Also posted over at Rogue Medic.
I am one of the co-hosts from a new podcast called Standing Orders (emsstandingorders.com) and I am the associate director for prehospital research at the Mayo Clinic.
The Standing Orders podcast
looks sounds great. Only one episode, so far, but on a very important, too often ignored, topic – Sepsis.
We may think that we do not see much sepsis, or that we may not have much of an ability to affect the outcomes of septic patients, but their debut podcast should change our minds. Go listen.
I will write some more about the sepsis podcast. I look forward to more great podcasts from everyone at Standing Orders.
While I haven’t heard the entire podcast by Dr. Wesley, what you posted needs clarification. To answer your question about location of research and validity, it depends.
There are a few types of validity. Likely what Dr. Wesley is referring to is called external validity. Better understood in this way: can what was done via the methods be replicated in my current situation / system? Further, you have to understand the population where the intervention was delivered and the inclusion / exclusion criteria used for the subjects. As you can imagine, it is imperative that you read the methods section with a critical eye and consider the confounding variables taken or not taken into account.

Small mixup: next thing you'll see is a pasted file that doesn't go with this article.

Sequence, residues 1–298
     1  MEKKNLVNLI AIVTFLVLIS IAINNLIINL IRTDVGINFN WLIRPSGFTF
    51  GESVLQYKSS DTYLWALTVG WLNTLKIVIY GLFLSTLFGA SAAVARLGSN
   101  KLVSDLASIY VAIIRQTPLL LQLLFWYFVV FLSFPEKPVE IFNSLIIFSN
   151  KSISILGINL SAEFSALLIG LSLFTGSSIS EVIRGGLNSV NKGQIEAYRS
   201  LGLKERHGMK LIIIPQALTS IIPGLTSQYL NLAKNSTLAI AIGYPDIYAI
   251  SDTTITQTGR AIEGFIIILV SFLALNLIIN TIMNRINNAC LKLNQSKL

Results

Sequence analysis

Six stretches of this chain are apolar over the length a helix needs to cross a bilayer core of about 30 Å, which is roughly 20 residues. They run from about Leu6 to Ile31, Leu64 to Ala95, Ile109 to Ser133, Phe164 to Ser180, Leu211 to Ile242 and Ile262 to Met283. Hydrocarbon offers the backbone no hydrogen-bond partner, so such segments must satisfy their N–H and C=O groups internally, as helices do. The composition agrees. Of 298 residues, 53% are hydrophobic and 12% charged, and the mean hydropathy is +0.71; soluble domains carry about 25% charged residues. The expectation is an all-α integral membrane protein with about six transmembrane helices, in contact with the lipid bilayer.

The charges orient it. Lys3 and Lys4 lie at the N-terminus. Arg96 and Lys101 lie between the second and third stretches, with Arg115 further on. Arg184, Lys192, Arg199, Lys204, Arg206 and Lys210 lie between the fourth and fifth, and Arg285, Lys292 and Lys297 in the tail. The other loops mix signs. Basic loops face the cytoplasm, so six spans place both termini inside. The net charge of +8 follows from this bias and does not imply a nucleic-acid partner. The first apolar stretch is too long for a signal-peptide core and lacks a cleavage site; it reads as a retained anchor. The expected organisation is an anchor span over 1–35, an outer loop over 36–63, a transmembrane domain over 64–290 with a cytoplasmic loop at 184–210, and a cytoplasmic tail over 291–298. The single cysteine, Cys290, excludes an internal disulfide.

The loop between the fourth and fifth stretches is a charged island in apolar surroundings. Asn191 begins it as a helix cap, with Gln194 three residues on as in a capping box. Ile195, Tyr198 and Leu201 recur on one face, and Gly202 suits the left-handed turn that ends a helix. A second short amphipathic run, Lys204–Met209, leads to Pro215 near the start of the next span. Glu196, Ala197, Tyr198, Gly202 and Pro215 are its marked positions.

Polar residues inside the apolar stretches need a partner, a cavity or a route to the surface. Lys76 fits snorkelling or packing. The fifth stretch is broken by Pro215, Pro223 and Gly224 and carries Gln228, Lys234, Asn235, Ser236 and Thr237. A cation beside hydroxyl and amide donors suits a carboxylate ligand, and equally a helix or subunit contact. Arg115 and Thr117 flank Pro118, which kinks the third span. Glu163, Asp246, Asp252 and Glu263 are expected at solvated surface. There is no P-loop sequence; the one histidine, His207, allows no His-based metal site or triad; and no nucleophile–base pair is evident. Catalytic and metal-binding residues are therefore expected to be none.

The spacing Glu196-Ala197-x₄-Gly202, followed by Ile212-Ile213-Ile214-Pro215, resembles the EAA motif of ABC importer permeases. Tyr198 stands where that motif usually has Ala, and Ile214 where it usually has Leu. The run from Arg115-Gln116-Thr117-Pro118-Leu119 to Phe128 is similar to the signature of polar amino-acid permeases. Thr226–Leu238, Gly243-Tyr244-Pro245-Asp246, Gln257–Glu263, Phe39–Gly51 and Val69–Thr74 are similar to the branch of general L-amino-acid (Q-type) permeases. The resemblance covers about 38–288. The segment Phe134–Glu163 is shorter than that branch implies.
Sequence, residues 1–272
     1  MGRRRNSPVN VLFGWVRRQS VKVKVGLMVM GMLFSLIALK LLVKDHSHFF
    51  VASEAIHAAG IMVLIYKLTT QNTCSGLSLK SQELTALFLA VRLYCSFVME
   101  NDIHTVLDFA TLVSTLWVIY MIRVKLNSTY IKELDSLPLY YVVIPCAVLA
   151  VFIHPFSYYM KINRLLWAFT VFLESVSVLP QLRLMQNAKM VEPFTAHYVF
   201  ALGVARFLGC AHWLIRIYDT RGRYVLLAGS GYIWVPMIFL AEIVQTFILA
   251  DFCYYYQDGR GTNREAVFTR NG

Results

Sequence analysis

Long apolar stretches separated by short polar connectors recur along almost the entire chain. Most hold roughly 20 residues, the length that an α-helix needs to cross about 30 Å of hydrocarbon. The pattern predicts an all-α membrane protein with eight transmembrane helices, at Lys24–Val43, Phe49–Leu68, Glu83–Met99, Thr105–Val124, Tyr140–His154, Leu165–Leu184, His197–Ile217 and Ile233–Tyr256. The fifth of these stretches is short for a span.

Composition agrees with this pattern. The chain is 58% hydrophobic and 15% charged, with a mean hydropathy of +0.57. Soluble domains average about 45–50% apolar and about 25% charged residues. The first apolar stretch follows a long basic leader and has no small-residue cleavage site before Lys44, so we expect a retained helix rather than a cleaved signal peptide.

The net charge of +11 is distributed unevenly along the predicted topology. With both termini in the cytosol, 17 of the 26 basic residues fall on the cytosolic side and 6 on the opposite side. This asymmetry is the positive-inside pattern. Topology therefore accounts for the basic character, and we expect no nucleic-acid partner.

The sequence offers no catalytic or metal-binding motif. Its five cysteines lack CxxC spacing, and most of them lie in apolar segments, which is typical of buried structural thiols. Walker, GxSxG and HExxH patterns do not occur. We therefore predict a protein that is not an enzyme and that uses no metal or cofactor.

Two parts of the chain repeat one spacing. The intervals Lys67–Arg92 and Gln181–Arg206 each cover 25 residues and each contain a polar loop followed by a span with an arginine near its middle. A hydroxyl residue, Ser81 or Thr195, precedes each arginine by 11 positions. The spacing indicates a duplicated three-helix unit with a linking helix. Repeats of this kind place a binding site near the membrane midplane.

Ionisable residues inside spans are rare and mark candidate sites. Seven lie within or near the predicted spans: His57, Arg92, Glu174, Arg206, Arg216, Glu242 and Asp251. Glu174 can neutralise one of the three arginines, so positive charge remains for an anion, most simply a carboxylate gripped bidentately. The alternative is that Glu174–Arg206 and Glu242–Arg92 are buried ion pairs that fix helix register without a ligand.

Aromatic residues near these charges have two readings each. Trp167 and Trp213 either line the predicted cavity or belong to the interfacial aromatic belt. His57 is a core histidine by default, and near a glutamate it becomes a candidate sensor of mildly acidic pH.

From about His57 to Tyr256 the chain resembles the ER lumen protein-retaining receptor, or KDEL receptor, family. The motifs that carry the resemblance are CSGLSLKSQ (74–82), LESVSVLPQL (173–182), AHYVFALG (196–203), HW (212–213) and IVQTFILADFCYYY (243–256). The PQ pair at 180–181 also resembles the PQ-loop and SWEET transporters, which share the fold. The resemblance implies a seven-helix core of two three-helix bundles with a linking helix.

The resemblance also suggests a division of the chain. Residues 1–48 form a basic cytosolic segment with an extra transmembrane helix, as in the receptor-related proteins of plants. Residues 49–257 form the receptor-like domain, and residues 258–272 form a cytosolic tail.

These are important points and critical to understanding all research.
So while the location of the research has to be taken into consideration for comparison with your own environment, it does not mean that it serves as a litmus for throwing away data or considering it useless.
Exactly. While there may be important differences between the way EMS is provided in the US versus another country, there are plenty of differences even among the ways EMS is delivered in the US.
A well done study done in another country may be designed and carried out much better than similar studies done in the US.
I think that is part of what Dr. Wesley was getting at, just expressing it in passing during a podcast that covered a lot of different aspects of how to read EMS research. Reading EMS Research: EMS Research Episode 3
I am much more interested in the way the research was done, than I am in where the research was done. Sometimes the different levels of providers, in other places, can help us to learn something about the way EMS might be improved by better educating our providers, or the claims that doctors would not be able to intubate as well as paramedics, if they were working in the same environment.